As of February 2014, I don’t know much about Mary Amanda Ormsby, née Bateman. The thing I do know is that she took an extremely cool five-month trip abroad to Europe in 1889 and published her journal from the trip in 1890. She visited (for example) the site of one of the last of Jack the Ripper’s murders, a month and a day after it happened. “There were bloodstains still on the stones,” she writes. (She refers to the killings as “the Whitechapel murders,” without reference to the perpetrator.)
Most of her recollections are more ordinary, but her journal is remarkable partly for the fact that it existed and she went to the trouble of publishing it. It records many sites that are still visited today by tourists in Europe, but the snapshot she offers is from an earlier time, when tourism, and historical tourism, were just becoming an industry.
The book is such a personal collection of experiences that it is not always clear whether Mr. Ormsby was along for the trip. At some points (Antwerp, for example), he is specifically mentioned. I don’t know any of the occasion for the trip other than what is in her little volume. She must have been in her late forties when she traveled, and her children would have been in their teens and early twenties. (Were they along? All I know is what’s in the book.)
It intrigues me too to know that her granddaughter, Venita Ormsby [Consigny] Bradley, took similar trips abroad in the late 1950s. One day it would be good fun to match some of Venita’s photos with Mary’s text.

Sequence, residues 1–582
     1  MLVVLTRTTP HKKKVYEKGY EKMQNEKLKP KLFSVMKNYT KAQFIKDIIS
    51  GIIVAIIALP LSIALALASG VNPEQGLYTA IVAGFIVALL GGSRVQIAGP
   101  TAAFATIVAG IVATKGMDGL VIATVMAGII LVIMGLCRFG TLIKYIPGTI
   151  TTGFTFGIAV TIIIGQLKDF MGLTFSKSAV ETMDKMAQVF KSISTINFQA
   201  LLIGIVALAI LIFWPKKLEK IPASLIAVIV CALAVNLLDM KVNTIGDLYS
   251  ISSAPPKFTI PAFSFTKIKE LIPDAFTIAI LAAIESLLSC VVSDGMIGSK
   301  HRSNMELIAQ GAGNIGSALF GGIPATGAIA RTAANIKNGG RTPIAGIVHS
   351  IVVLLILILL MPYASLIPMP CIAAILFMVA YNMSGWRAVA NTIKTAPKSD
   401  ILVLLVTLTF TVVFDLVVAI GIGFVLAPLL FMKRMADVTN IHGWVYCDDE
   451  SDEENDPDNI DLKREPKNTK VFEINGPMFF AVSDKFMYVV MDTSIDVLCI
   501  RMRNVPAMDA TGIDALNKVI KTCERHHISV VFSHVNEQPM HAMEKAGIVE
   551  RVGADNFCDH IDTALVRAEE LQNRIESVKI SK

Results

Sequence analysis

For the time being, though, I can at least offer the text she gave us, which as far as I know is not available anywhere else, except (maybe) in the Library of Congress, or on a few musty bookshelves in family archives. It is well written, cogently observed, and it moves right along. (An original copy of this book is apparently available at the Worthington [Massachusetts] Historical Society; it was donated by an Ormsby, and the society has other Ormsby memorabilia, though I am not certain where the Worthington Ormsbys are connected to the Emmetsburg Ormsbys.)
For a few samples of her straightforward prose, see this little collection of excerpts.
See the “Sources” section below for a link to a photocopy of Mrs. E.S. Ormsby’s little book.